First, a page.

Political campaigns deploy “manipulative” and “devious” methods to persuade people to open emails and donate funds, according to new research by Princeton University's Center for Information Technology Policy.
“We find that manipulative tactics are the norm, not the exception,” the study authors write.
“Some of these tactics are well known, such as sensationalistic subject lines. Others are more devious, such as deceptively formatted 'From:' lines that attempt to trick recipients into believing that the message is a continuation of an ongoing conversation,” the authors add.
For the report, researchers examined more than 100,000 emails sent by nearly 2,900 senders between December of 2019 and June 25 of this year. The senders included about 1,084 federal candidates, 1,359 state candidates, 264 political action committees and 127 other organizations.
Princeton's Arvind Narayanan, one of the study's authors, on Monday criticized some of the observed tactics.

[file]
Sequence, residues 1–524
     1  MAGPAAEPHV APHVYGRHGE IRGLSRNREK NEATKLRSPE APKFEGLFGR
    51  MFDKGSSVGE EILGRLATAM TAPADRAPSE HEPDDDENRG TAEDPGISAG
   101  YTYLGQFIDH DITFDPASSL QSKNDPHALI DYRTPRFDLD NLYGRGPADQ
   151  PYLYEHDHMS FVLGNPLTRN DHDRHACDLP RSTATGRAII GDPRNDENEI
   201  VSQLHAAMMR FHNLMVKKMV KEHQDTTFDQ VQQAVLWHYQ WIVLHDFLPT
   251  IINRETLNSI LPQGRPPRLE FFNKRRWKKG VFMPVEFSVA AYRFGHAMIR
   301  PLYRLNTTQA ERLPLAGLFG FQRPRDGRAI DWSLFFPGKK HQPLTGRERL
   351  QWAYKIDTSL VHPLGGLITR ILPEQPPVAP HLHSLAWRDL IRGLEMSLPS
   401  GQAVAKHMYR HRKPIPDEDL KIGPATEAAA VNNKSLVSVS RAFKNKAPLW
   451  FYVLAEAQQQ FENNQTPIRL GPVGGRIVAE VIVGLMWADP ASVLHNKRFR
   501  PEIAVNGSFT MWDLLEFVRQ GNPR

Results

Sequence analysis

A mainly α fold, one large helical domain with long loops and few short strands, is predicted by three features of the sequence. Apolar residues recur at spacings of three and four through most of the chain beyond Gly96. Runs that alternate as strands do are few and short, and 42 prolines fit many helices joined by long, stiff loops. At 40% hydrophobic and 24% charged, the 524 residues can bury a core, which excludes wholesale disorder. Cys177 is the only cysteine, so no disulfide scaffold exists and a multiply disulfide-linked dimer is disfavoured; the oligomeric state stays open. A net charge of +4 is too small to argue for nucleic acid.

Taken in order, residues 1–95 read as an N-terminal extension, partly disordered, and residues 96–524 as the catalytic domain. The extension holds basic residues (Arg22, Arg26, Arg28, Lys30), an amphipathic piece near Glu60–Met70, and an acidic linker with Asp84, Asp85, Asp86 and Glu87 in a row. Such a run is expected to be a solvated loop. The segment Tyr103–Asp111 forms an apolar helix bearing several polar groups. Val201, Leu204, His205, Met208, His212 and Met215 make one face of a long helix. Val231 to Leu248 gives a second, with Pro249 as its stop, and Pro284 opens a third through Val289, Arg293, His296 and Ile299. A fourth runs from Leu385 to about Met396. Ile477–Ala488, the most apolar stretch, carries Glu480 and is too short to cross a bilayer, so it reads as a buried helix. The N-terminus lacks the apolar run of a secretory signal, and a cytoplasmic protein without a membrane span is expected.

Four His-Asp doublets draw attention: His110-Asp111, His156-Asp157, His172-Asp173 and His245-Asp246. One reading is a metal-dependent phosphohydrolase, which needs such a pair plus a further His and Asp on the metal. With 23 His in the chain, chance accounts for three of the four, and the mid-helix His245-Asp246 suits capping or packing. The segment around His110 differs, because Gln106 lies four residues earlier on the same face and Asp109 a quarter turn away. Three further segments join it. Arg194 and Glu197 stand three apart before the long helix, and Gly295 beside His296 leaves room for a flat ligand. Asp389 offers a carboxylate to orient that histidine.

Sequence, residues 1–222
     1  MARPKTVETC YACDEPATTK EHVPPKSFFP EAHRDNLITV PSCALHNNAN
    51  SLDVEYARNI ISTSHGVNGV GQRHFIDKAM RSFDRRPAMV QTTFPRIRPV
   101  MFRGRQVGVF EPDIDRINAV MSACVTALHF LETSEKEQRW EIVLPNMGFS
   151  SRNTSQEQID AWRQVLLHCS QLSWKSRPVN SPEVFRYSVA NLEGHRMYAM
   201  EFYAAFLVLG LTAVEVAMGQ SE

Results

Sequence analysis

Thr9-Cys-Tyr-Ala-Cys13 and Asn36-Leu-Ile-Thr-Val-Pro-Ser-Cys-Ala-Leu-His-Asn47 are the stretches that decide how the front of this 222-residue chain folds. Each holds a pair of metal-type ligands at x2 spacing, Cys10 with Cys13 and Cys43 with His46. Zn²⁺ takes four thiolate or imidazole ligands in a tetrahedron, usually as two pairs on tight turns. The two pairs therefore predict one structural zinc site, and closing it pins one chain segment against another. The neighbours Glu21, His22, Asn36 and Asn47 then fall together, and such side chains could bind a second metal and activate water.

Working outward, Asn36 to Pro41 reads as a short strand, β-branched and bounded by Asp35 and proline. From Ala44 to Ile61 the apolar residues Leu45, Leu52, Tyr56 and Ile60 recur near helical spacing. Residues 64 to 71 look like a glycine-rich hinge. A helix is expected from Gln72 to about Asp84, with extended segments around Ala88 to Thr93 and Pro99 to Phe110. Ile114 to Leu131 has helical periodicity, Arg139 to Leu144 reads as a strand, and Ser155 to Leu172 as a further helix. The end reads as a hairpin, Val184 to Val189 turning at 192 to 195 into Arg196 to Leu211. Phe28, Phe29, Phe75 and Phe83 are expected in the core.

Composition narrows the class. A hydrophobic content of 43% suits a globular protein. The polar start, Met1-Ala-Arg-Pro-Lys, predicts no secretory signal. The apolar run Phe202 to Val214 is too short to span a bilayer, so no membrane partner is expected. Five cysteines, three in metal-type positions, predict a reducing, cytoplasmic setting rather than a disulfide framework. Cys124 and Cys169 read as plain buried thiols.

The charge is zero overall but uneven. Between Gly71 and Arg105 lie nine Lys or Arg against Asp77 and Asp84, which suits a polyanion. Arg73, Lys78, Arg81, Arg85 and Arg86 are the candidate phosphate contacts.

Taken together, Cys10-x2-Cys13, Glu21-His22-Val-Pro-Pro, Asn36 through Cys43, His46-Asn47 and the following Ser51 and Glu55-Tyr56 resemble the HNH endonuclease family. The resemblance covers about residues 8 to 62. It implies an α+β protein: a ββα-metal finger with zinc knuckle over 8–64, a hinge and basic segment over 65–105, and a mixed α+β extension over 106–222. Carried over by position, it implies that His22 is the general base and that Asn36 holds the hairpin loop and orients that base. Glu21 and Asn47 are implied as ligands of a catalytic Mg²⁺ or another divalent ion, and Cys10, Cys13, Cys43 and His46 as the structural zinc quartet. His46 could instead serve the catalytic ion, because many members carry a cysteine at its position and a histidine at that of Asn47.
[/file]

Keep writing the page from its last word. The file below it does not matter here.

“We’re used to seeing these tricks on shopping and travel websites but manipulation in the political sphere is a threat to democracy,” Narayanan tweeted. “While there’s a lot of worry about targeted advertising, manipulative emails -- despite being extremely effective -- have flown under the radar.”
The study flagged specific types of “manipulative” tactics that senders deployed in hopes of boosting open rates.
One strategy involved using subject lines like “(no!) Mark Kelly SLANDERED!” Another involved using words like “deadline,” which aim to create a sense of urgency.
A different ploy involved obscuring the senders' identities, so that users couldn't see who the email came from without opening it.
Researchers also found that some fund-raising ads used “devious and potentially deceptive” strategies, such as inviting recipients to take a survey, but then making it appear as if they needed to donate in order to submit their responses.
The report also found that some senders were sharing people's email addresses without informing them.
Overall, researchers observed that 200 senders -- 153 federal and state candidates and 47 organizations -- shared email addresses with others.
Researchers plan to update the paper after Election Day.